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United States. Office of Indian Affairs / Annual report of the Commissioner of Indian Affairs, for the year 1873
([1873])

[Moqui Pueblo agency],   pp. 285-286 PDF (970.4 KB)


Page 285

REPORT    OF COMMISSIONER        OF INDIAN    AFFAIRS.        285 
The Chimehuevis and Yumas have not been regularly fed, as I consider it impolitic
to give anything to Indians who are not on reservations, except to prevent
absolute 
suffering. They have been accustomed to raise their own crops; and, as soon
as the 
irrigating canal is finishled, I shall remove them to the reservation, and
assign them 
sufficient ground for their support. 
The canal by which it is intended to irrigate this reservation has been pushed
for- 
ward since my last report. A tunnel has been cut for 430 feet through the
solid rock; 
another tunnel, of 3 0 feet, has been got under way, but no work has been
done since 
the commencement of the summer. on account of the rise in the river. The
water will, 
however, shortly fall, and work will be resumed, with a prospect of being
finished this 
winter. 
The Indians object to labor, except for money. They should rot, I think,
be in- 
dulged in their idle habits, and I desire to have a sufficient force stationed
on the re- 
serve to compel them to work for their own benefit without compensation,
save ra- 
tions. My opinion is that the Indian must be made self-sustaining before
he becomes 
susceptible to the influences of missionaries or teachers. 
The crops of all the river Indians will be much smaller than usual this year,
owing 
to the lateness of the river in rising, and the small overflow. 
The Hualpai Indians, at Camp Beales Springs, object to coming upon this reservation;
but they are now settled directly upon one of the principal lines of travel
; settlements 
and mining-camps are springing up all around them, and I agree with the Department
commander (General Crook) that the only way to avoid serious complications
with 
this tribe will be to remove them to this place, or to the Rio Verde reservation;
and of 
the two places I c6nsider this one preferable, for the reason that with the
Mojaves the 
Hualpais have always had kindred ties and intercourse, while with the Indians
on the 
Rio Verde reservation, Apache-Mojaves and Apaches, they have been more or
les hos- 
tile, and have lately fought against them as soldiers under General Crook.
I have re- 
quested the Department commander to furnish a sufficient force to coerce
them to 
move, and to remain with them for a time until they become thoroughly submissive.
I would desire to call the attention of thq Commissioner to the necessity
of increas- 
ing the salaries allowed employ6s P the compensation offered by the Department
is 
usually so much lower than that given by the other bureaus of the Government
in 
Arizona that it is very difficult to secure good employ6s. 
Good, reliable interpreters are also difficult to obtain, and I would suggest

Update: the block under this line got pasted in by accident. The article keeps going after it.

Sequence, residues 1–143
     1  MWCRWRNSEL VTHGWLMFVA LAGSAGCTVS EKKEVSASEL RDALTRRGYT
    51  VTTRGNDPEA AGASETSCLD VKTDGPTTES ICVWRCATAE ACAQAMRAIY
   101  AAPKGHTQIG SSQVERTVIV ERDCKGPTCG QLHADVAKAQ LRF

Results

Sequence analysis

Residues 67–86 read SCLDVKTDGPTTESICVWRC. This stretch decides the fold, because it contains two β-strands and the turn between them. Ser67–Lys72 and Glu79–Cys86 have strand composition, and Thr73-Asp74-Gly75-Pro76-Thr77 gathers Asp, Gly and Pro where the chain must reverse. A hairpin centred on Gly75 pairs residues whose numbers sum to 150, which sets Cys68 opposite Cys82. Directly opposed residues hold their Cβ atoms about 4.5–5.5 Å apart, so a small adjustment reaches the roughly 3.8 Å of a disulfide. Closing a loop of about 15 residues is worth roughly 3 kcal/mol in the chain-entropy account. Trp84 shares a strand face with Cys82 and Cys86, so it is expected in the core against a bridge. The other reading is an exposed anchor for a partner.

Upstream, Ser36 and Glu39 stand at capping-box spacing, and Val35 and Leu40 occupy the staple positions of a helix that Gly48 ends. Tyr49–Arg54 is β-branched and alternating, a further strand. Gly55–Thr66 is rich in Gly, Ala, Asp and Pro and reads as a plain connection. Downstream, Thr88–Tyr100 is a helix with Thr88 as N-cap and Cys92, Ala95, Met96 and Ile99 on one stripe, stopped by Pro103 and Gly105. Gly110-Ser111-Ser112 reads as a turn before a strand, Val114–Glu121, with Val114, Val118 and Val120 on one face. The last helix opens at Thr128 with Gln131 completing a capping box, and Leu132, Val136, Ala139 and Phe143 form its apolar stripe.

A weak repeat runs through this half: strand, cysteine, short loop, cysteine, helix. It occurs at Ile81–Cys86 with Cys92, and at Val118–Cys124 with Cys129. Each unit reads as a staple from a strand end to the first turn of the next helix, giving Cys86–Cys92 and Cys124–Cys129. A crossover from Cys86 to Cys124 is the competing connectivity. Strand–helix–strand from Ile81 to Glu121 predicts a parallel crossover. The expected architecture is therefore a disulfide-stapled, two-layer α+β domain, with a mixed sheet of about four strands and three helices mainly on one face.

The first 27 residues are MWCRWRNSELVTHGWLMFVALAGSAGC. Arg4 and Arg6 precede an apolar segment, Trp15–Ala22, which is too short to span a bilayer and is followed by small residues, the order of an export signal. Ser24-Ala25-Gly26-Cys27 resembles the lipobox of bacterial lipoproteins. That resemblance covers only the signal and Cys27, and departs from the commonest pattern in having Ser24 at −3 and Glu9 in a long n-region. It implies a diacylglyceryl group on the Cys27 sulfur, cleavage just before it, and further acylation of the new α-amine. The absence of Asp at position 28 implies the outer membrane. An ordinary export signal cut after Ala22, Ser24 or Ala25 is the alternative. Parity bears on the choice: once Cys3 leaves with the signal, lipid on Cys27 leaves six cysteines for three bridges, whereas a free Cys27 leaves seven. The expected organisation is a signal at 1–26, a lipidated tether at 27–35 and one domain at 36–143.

the send- 
ing of one or two boys from each tribe to the Howard University, to be fitted
for posi- 
tions as interpreters and school-teachers ; absolute separation from their
parents and 
people is necessary to education and elevation. 
We had a school in operation for six months, but had to close it in April
last, on ac- 
count of the inadequate salary allowed the teacher. While it continued, such
chil- 
dren as attended made very good progress; but they were not many, as the
parents 
are prejudiced against learning, and, besides, exercise no control over their
children. 
Lately, when acting as superintendent of Indian affairs, I discontinued feeding
the 
Mojaves who live about Camp Mojave. This section of the tribe bave never
come 
upon the reservation. They number about 800, and I expect them during the
coming 
winter, as I hear their crops have failed. 
I am, sir, very respectfully, your obedient servant, 
J. A. TORMER, 
United States .Endian Agent. 
The COATMISSIONER OF INDIAx AFFAIRS, Washington, D. C. 
57. 
M1OQUI PUEBLO INDIAN AGi-NcY, ARIZ. TER., 
December 30. 1873. 
SIR: I have the honor herewith to submit my first annual report, in compliance
with 
copy of circular of June 30, 1873. 
W. D. Crothers, my predecessor, and myself exchanged papers on the 9th of
July, 
he relieving me at the Sierra Amarilla agency, New Mexico, and I taking charge
of the 
Moqui Pueblo Indians of Arizona Territory. As soon thereafter as possible
I visited 
the Indians under my care, and met with more than an ordinary cordial reception
from 
them, owing to the fact that the night preceding the morning of my arrival,
and the 
night following, we had quite a good deal of rain, much needed by their growing
crops. 
They being an extremely superstitious people received it as a very propitious
omen. 
Their new Tata agent and the rain coming together they expressed it as evidence
of 
the Great Father's pleasure; that He had been angry with them for some time,
but 
now a brighter day was dawning for them. I found them very superstitious.
I have 
endeavored to disabuse them of their superstition, but find it is a part
of th~eir existence ; 


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